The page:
In growing sponge gourd, the field should be plowed and harrowed several times until weeds are removed and the soil is loose. During land preparation, two bags of complete (14-14-14) and 20 bags of organic fertilizer per hectare could be added as basal fertilizer.

Plant four to five seeds on each hill with a depth of 2.5 cm. Space planting 100 cm between hills and 200 cm between rows. Construct a sturdy trellis to support the weight of mature sponge gourd and to keep the fruits off the ground. After four weeks of planting, side dress two bags of urea (46-0-0) and one bag of muriate of potash (0-0-60).

It will take 60 – 85 days after sowing to harvest the fruit. Sponge gourds are harvested when the flesh is tender and the seeds are still immature, usually about 12-15 days after flowering.

Winged Bean (Psophocarpus tetragonolobus)

Winged bean, locally known as four-cornered bean and sigarilyas, is a leguminous vine with climbing stems that is grown for its edible fruit used in cooking vegetable dishes.

Winged bean (Forest and Kim Starr/Wikimedia Commons)

Winged beans grow well in loamy-sand or clay-loam soil with a pH of 6.0-7.0, and the suitable temperature is from 18 to 32°C.

To grow winged beans, soil is plowed and harrowed thoroughly to facilitate root growth. Apply one bag of urea (46-0-0), four bags of triple superphosphate (0-46-0), and one bag of muriate of potash (0-0-60) as basal fertilizer before planting.

Seeds can be soaked for 24 hours to make them germinate faster. Plant the 2 -3 seeds directly into the soil 2.5 cm deep and 100 cm apart. Then, construct a 1-1.5 meter high trellis to support its growth.

The pods are ready to harvest 75 to 90 days after planting when they are still immature and tender. Harvesting can be done at 3 – 4 days intervals for about five months.  

Arrowroot (Marantha arundinacea)

Arrowroot or uraro is grown for its starchy roots and underground stem that is processed to make flour for making bread, biscuits, and cookies. Unlike other flour, the arrowroot produces superior-quality starch that is easily digested when eaten.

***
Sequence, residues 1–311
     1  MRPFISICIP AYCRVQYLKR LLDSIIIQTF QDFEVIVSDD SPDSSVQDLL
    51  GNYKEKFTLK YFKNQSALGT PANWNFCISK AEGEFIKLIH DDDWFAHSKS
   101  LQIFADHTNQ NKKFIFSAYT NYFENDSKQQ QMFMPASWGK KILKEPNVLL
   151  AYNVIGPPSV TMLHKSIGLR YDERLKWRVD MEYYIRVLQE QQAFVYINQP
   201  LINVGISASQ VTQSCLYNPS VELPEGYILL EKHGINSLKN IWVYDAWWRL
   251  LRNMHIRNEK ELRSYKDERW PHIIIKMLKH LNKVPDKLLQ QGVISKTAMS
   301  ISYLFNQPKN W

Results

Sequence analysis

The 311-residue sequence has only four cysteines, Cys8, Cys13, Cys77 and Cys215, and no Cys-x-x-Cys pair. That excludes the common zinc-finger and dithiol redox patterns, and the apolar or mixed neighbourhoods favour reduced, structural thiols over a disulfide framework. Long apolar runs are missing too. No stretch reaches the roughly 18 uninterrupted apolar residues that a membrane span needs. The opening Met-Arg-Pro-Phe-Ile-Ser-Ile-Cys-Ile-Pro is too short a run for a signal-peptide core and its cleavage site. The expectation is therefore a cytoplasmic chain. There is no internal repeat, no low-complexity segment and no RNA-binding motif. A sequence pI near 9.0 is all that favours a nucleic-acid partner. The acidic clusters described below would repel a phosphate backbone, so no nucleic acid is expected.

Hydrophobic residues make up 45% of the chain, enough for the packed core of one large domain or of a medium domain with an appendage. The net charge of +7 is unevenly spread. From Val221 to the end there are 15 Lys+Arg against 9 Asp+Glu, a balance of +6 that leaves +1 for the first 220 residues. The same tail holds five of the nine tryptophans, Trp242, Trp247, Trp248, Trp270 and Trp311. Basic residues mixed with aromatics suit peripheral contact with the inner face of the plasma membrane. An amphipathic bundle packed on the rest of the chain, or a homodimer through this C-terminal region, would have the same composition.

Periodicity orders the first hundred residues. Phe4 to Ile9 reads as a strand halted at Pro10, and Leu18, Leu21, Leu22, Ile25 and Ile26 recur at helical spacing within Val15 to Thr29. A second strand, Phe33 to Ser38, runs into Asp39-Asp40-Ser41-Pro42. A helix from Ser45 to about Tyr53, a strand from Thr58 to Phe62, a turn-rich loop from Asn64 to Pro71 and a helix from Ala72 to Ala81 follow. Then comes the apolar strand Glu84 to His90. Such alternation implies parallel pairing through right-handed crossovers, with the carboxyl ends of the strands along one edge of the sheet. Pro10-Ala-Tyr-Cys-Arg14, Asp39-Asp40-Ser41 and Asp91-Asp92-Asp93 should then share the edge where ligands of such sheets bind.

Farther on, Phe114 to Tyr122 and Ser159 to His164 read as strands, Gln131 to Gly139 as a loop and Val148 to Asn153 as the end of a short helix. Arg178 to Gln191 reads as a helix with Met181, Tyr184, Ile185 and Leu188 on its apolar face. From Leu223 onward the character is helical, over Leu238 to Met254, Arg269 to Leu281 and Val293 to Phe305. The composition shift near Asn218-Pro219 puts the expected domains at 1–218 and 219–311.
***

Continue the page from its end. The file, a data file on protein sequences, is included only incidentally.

Arrowroot (Noblevmy/Wikimedia Commons)

Arrowroot can be grown anywhere in the Philippines, with enough water for irrigation or uniformly distributed rainfall. This plant grows well in loose loamy or sandy-loam soil. Compacted clay soil should be avoided because it will result in poor root development. It is important that the soil is plowed and harrowed deeply to provide favorable conditions for root development.Arrowroot can be propagated by planting shoots that originate from its stem called suckers or from rootstock with two or more nodes. Two suckers can be planted per hill at the distance of 75 cm between rows and 100 cm between hills.

It is recommended to apply six to eight bags of complete fertilizer (14-14-14) throughout the whole growing period.

The starchy roots and underground stems can be harvested eight to ten months after planting. However, higher starch content is attained when harvested at eleven to twelve months. Like most root crops, arrowroot is harvested by passing the plow along the furrow to expose the roots.

Production guides are available for download on the Department of Agriculture Bureau of Plant Industry website here.

What is your reaction?

In Love
Not Sure

You may also like

Leave a reply

Your email address will not be published. Required fields are marked *

More in:CROPS